Jett said there must be a more concerted effort to battle littering and graffiti. Johnson suggested making absentee landlords more accountable for making sure their property is well maintained. King said the Northeast Corridor Improvement Partnership can go a long way toward helping businesses along the Perrin-Beitel/Naco-Perrin sector to rehabilitate their appearance.
The candidates were also asked if they support the city’s multi-proposition bond. All but King and Perry said they would vote for the bond. Perry, who served one on the citizen committees that helped to prepare bond projects, said he is still not totally sure whether it could succeed at the polls.
“I’m still get input on it from all of you,” he added.
King said voiced worry about costs associated with some of the proposed bond projects, especially in the parks and recreation category.
“I believe it is a waste,” she added.
The candidates were then asked about Senate Bill 2, which the Texas State Senate recently approved as a means to apply relief for property taxpayers. Officials of municipalities and counties oppose the bill, saying the new bill - if signed by the governor - could lead to local revenue caps, resulting in less funds for basic services. Only Perry, Morse and Kenny expressed support for the legislation.
In response to another question, all candidates except for King said they would support Major League Soccer expansion in San Antonio. Such a thing could affect Toyota Field in District 10, where the city’s current professional San Antonio FC team plays.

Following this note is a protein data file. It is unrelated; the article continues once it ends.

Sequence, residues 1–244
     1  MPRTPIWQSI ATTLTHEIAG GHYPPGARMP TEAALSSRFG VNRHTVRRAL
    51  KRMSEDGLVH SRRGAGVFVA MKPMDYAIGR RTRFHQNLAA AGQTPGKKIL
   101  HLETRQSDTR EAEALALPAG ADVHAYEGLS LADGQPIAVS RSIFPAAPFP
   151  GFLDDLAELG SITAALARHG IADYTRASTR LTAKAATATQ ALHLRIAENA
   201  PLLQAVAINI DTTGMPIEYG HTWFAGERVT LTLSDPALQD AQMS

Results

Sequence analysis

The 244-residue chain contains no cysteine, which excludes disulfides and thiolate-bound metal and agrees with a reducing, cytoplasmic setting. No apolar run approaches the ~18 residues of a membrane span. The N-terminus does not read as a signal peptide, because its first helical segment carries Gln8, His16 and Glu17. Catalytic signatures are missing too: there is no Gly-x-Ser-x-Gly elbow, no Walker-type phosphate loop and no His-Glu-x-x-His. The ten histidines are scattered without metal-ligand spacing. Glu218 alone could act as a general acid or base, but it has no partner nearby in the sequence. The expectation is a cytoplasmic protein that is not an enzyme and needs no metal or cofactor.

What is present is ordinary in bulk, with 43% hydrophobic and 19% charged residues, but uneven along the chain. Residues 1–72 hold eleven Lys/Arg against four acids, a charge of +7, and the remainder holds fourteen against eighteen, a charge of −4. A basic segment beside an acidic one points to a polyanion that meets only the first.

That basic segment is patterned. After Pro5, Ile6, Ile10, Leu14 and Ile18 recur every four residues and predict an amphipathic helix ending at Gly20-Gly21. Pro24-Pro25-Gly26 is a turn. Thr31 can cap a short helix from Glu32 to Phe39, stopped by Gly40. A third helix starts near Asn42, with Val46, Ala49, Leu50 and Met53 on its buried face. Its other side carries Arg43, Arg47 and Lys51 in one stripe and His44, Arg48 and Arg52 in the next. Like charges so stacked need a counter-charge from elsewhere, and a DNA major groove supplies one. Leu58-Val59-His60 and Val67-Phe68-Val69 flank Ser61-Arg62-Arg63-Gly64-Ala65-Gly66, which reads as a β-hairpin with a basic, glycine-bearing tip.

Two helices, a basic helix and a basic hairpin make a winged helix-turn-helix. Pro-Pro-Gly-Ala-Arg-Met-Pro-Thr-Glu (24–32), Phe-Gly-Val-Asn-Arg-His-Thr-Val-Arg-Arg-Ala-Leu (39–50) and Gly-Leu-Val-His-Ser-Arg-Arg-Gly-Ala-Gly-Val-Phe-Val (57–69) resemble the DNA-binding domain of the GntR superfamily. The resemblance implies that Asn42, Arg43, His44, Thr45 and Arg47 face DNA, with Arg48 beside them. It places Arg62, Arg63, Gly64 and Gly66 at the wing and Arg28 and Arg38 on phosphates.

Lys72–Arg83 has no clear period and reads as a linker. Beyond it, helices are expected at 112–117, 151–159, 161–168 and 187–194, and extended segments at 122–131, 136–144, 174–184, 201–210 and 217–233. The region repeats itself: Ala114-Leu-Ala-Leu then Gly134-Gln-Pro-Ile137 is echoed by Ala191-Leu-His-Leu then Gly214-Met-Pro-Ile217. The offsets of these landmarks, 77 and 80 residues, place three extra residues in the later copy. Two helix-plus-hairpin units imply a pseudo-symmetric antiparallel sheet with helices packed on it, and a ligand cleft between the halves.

Current Councilman Mike Gallagher, who is not seeking re-election, said he likes this field of candidates vying for his council seat. He also likes that they collectively reflect the priorities of District 10 voters.
“One thing that wasn’t discussed much of tonight was growth. We have to be prepared,” Gallagher said. “Whether we like it or not, we’re going to have quite a few more people in San Antonio.”
Clamp encouraged the candidates all to talk about their professional and educational experiences to distinguish themselves on the campaign trail.
“I think we’ll have a good run for our money,” he said. “The ones who work hard and block walk to get their message out, will do well.”
Early voting takes place April 24-May 2 at the following district locations: Encino Branch Library, 2515 E. Evans Road; Semmes Branch Library, 15060 Judson Road; and Tobin Library at Oakwell, 4134 Harry Wurzbach.
**Cover Image: District 10 candidates debate during a local forum on Monday, March 20, 2017. Photo by Edmond Ortiz.